Down Boy! TuneCore CEO Frothing at Digital Music News… Again

Last week, we wrote an article about iTunes Connect, which allows direct uploading of content into the iTunes Store.

That system is currently very artist- and user-unfriendly, and even Apple recommends going through a third-party service like TuneCore.  But, the point of the article was that Apple could certainly modify that interface – and create serious problems for middleman companies like TuneCore.

Well, here’s what TuneCore CEO Jeff Price had to say about that (reposted below).  My response is in the comment thread.

-pr.

__________________________

 

This posting is not about me trying to drum up business for TuneCore. Rather, a recent music blog [Digital Music News] ran a factually incorrect and incomplete story about how artists can “go direct” with digital stores like iTunes. It’s frustrating to see wrong information being stated as fact as misinformation can hurt artists. I thought it important to provide a more complete story.

To begin, the article implies that a “submit an application for iTunes” link recently became available.  This is not the case. This link has been live and available since the day iTunes launched.  One of the reasons I started TuneCore is that many digital stores will not do deals directly with most artists, requiring them to go through a middleman. This is not because the digital stores do not like or value artists, it is because of the support, logistics and liability issues that exist around being a digital store.

For example, many of these contracts run over twenty pages and require a physical copy to be signed and mailed back. In the event the digital stores allowed all artists to sign up directly, they would need to physically snail mail out millions of paper contracts and wait for an original signed copy back (a scanned PDF emailed does not suffice). In addition, the signer of the agreement must be over 18 years and have an attorney on their end read it over to avoid any possible legal issues. As many of the companies that run digital stores are publicly traded, they would very much need this procedure followed.

Term Issues

In addition to then having to file millions of contracts, each one would have a different expiration date around the Term – this means that there must be a schedule kept as to when each of these contracts expires. Prior to expiration, they would need to “renew,” and while there could be an auto-renew trigger in the agreements that may address this, the Term still needs to be kept track of in the event the digital store would like to discontinue the relationship.

On top of the Term issue, there is also the amendment issue: for example, since launching, the digital stores have added new provisions, territories and options to each agreement. For each new amendment (i.e. complete my album, DRM free, expansion into another territory, longer preview clip streams, and so on) additional paperwork must be sent out. This paperwork would then need to be physically signed and snail mailed back and attached to the appropriate agreement it is associated with.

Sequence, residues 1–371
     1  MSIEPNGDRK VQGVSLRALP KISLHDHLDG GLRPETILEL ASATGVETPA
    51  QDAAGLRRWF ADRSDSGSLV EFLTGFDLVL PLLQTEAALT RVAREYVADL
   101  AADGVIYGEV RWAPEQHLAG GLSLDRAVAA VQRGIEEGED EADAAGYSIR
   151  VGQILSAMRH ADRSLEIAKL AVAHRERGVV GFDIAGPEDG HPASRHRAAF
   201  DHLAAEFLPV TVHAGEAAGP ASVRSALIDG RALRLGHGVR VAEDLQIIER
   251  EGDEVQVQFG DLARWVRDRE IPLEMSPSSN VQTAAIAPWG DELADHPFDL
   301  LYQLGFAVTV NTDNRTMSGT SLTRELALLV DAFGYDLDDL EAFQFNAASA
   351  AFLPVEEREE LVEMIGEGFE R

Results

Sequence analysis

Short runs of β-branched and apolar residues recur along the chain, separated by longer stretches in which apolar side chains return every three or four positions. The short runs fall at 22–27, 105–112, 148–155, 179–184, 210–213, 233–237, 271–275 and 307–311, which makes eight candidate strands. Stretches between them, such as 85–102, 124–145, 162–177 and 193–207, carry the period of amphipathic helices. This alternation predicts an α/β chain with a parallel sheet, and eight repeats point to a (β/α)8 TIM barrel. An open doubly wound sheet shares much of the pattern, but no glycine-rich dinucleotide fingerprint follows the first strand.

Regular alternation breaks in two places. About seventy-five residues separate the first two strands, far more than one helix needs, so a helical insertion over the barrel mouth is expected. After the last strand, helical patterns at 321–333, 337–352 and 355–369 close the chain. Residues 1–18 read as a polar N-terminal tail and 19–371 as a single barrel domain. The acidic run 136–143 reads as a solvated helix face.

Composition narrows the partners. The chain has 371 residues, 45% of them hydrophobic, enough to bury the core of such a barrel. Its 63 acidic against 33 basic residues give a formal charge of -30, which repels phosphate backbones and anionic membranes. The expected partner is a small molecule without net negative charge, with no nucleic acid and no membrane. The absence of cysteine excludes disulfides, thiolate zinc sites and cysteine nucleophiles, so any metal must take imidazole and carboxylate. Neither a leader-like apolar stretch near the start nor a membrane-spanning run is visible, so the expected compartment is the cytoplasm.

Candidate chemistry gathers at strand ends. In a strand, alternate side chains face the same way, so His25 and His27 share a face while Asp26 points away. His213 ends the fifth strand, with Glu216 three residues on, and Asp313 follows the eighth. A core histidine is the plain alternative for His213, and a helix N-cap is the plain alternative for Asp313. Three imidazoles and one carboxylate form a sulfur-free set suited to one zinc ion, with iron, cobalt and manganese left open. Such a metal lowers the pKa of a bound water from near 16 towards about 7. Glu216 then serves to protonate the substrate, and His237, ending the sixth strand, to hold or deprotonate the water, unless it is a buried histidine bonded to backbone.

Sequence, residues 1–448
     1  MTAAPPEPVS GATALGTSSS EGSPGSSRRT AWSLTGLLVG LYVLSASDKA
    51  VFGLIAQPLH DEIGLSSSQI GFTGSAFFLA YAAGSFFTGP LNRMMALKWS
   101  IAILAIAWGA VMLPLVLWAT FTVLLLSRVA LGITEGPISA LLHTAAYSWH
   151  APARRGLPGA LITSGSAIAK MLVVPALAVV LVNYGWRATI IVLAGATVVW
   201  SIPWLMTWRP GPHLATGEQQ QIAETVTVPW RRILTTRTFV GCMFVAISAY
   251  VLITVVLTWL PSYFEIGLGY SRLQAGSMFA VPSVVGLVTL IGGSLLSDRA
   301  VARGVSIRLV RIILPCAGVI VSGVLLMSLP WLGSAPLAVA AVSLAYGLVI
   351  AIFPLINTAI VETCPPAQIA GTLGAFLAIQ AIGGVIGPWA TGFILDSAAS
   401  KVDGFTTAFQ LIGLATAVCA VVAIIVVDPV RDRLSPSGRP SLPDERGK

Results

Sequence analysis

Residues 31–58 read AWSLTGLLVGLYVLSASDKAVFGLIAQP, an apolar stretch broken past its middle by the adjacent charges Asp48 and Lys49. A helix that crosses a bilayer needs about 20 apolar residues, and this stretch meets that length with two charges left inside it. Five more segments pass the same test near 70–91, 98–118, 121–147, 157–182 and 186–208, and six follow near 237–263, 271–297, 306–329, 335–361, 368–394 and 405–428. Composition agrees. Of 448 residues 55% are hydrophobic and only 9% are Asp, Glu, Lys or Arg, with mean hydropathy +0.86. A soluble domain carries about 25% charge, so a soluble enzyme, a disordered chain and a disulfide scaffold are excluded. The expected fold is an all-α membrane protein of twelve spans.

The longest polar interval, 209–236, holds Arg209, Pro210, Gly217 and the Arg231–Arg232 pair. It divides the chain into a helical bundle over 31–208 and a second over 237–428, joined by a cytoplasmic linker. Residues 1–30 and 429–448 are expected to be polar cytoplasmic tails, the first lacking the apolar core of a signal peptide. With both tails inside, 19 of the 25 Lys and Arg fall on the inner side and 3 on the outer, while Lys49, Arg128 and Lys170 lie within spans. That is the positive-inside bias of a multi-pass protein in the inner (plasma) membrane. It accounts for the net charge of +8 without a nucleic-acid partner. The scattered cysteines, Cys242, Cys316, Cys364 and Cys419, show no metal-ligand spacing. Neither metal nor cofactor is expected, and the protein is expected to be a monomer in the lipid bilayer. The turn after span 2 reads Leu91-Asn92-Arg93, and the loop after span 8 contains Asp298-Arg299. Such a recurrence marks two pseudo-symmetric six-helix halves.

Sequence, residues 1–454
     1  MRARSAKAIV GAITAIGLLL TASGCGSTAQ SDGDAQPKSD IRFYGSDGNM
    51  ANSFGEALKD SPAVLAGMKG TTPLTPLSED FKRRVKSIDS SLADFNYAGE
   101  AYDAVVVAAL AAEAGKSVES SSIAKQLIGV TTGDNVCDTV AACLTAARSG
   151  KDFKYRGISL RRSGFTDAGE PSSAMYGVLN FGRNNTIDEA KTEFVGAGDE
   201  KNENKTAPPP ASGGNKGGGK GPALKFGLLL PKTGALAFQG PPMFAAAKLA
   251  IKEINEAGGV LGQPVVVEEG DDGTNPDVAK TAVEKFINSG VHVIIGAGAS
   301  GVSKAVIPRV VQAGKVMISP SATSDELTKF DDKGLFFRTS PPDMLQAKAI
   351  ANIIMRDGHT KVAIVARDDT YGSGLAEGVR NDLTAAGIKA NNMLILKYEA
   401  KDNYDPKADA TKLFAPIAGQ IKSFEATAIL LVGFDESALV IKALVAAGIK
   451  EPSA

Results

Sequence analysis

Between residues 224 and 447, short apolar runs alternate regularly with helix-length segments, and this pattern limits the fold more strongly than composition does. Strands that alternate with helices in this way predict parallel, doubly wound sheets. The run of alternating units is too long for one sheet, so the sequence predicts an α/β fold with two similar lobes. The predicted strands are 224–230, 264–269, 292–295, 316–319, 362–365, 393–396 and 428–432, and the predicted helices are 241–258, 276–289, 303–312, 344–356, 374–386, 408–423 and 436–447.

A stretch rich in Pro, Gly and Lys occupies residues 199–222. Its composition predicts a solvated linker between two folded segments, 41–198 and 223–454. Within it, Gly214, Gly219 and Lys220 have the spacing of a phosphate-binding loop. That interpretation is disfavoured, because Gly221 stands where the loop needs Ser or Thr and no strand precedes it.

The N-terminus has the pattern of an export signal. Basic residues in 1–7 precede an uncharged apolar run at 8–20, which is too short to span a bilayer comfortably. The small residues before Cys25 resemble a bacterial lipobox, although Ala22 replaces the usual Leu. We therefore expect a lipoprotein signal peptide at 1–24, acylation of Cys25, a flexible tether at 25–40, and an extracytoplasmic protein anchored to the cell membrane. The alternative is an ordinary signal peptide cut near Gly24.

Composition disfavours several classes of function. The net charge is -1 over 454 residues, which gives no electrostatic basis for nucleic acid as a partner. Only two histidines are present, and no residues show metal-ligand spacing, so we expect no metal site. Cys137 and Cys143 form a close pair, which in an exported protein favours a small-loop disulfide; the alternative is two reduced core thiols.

Each contract also has a confidentiality clause: in the event any of the contract holders posted any information from the agreements, the digital store would contact the contract holder about a potential material breach of contract (not to mention they now need to police this as well).

Add to this that each time a digital store would like to do a promotion around a free giveaway, a feature, etc., they will also need to reach out to each entity separately and get even more paperwork signed off on and sent back.

Music Issues

On top of the legal issues, with each agreement would also come the additional artist support and issues about how to get music, metadata and art to the digital store.  For example, what is AAC, what is an MP3, how do I get my file to be 44.1 khz, I only have my music as an MP3 how do I make it a lossless AAC, WMA, WAV etc file?  I don’t have a fast net connection and cannot upload.  My net cut out during upload. What is a UPC, what is a song identifier, do I need an ISRC, how do I get them?  How do I make a 600 x 600 300 dpi image? In some cases the digital stores switch formats and have asked for the music to be resent to them in a new codec (for example, please re-deliver your songs to us as 256kb, 44.1 khz, MP3s as opposed to a .Wav)

Then move onto other issues – I uploaded the wrong track, I need to take the release down, I need to change the name of the song, I misspelled the title, I need to add Japan but remove the UK.  I fired my manager but he has the account details and access, please change it to me and so on.

Legal Issues

Then there are the legal issues – many artists do not know the intimacies of copyright law – some infringe on copyright without knowing they are, others infringe well aware they are breaking the law, still others have fraud schemes.  If these artist are going direct, the digital store becomes more directly legally liable to be sued, whereas if the digital store gets the music via a larger “middleman”, that middleman has to warrant and represent the music is free and clear of claims.  In the event the music is infringing on copyright, the middleman takes the liability hit and legal challenge. The middleman also typically has “deeper pockets” and is able to settle the claim.

Now add on top of this the millions of emails and phone calls from each contract holder trying to get feature placement. As a reference point, imagine millions of artists calling Rolling Stone magazine directly to get an album review as opposed to a smaller group of publicists.